A drive through McChord Air Force Base is an encounter with what looks less like a military installation and more like a Weyerhaeuser planned community, complete with athletic fields, entertainment facilities, a huge commissary, specialty stores and beautiful new homes rivaling the finest in Pierce County.
These homes, complete with informal family name plates such as “the Morrises,” are not the officers’ quarters. They’re for married enlisted personnel!
“These are the people who deserve the best housing,” says base Public Affairs Chief, Major Bill Barksdale, an articulate young officer who arrived at McChord in August 1998. “They get paid less than commissioned officers. They work very hard and often at the worst hours. They’re just incredible.”
“We’re very proud of these housing units,” adds Master Sgt. Rick Burnham, superintendent of the base newspaper, The Northwest Airlifter. “You just don’t see these on every base.”
Include one of the finest airfields anywhere in the world to the highly skilled personnel running air operations and McChord becomes a community unto itself. It’s “home,” say the senior commissioned and non-commissioned officers who are responsible for this city of more than 10,000 military personnel and their dependents.
But as Maj. Barksdale makes clear, the personnel at McChord earn the perks that come with jobs well done. The USAF does not accept any recruit with a beating heart. It looks for educated, trainable men and women with high expectations for themselves on the job. It’s a philosophy that seems to work well here. McChord’s efficiency rating is sky-high.
From the sweeping view from his headquarters office window, McChord Air Force Base Deputy Commander, Lt.Col. John Medeiros, oversees one of the most vibrant and vital military air bases in the world.
This imposing home of the Air Force’s 62nd Airlift Wing is one of the most formidable economic engines in Pierce County.
Its dollar value alone exceeds $3 billion and is growing by more than $100 million annually. More than 10,600 active duty military personnel and their dependents are attached to this base, which also provides jobs for nearly 2,000 civilian employees.
Total annual repair and renovation here exceeds $133.4 million annually, and the base pumps a total payroll approaching $336.5 million into the area economy each year.
“We’re putting a huge demand on the construction industry,” Col. Medeiros says. “As you enter the main gate, we have a new medical clinic going up—a huge facility costing $15 to $20 million by itself.”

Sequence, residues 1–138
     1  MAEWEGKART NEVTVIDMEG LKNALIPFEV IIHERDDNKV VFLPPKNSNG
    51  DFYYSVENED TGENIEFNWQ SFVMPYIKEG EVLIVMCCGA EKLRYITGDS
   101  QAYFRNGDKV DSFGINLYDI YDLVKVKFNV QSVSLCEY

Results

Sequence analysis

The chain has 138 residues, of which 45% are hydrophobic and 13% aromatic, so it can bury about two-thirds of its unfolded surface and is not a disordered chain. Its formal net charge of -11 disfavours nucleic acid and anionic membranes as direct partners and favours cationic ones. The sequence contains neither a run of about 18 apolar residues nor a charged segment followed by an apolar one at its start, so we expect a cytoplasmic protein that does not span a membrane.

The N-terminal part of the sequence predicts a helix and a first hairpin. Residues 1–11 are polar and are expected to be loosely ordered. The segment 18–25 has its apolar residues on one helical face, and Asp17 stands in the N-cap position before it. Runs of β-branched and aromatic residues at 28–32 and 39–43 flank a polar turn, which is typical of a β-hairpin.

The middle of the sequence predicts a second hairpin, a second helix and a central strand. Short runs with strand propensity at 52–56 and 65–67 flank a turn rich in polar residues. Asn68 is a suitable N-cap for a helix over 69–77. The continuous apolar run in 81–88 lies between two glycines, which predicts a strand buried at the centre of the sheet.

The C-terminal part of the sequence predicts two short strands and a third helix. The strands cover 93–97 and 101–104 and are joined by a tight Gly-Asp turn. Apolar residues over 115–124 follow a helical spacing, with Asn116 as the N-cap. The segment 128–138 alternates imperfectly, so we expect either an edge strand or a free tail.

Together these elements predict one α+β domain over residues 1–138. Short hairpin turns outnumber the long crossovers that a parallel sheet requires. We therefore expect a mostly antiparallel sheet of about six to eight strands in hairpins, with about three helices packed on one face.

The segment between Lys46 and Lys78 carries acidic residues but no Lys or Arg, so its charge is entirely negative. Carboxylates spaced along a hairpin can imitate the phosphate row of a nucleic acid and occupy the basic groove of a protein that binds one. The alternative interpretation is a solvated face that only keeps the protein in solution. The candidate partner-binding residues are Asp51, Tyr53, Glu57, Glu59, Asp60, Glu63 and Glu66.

Construction projects are under way throughout this strategic military facility in the heart of the Pacific Rim. Many, but certainly not all, are related to McChord’s ongoing changeover from the Lockheed C-141B Starlifter transport, workhorse of the U.S. Air Mobility Command for the last 34 years.
The new kid on the block is the massive C-17 Globemaster III, a short takeoff and landing jet transport with engines more than twice as powerful as those on the Starlifter, enabling it to carry well over twice the payload of its predecessor. Two of the engines, rated at 40,400 pounds of thrust each, power the Boeing-757 airliner. The C-17 has four of them.
“We have a lot of construction going on here, but you really don’t notice it,” says Medeiros, a tall, wiry officer who is helping shape McChord’s needs well into the new century. “Why don’t you notice it,” he asks. “Because we have this “Team McChord” and “Town McChord” concept.
“I live here; this is my home,” he says.”A lot of contractors who don’t live here could easily go home and leave the job site the way it is. But we hold them to a higher standard here.”
McChord dates back to the 1930s, but under the leadership of base commander Col. Ray Johns Jr., Medeiros and their many predecessors, it has been kept in exceptional condition and always mission-ready.
With the arrival of the C-17s came an immediate problem. Their hangars were not tall enough to accept the much higher rear stabilizer the C-17 has in comparison to the C-141. Instead of demolishing the hangars and starting from scratch, the hangars were merely modernized to accept the taller tail section, saving thousands of taxpayer dollars.
“We look at this base with a lot of pride, but it takes a lot of work,” Medeiros says. “The best thing for us is when the taxpayers visit and see how we are taking care of their base.”
An opportunity for the public to do just that will come June 24 and 25 during an air show and static display on base.
“It’s an old base with old infrastructure,” Medeiros continues. “But that’s okay. We’ll keep working it and nickel and diming it as much as possible. Hopefully, we’ll continue to get the support of Sen. (Patty) Murray and (Congressman) Norm Dicks. They have been great supporters of McChord.”
Murray and Dicks could not be reached for comment.
By Richard Sypher, Business Examiner staff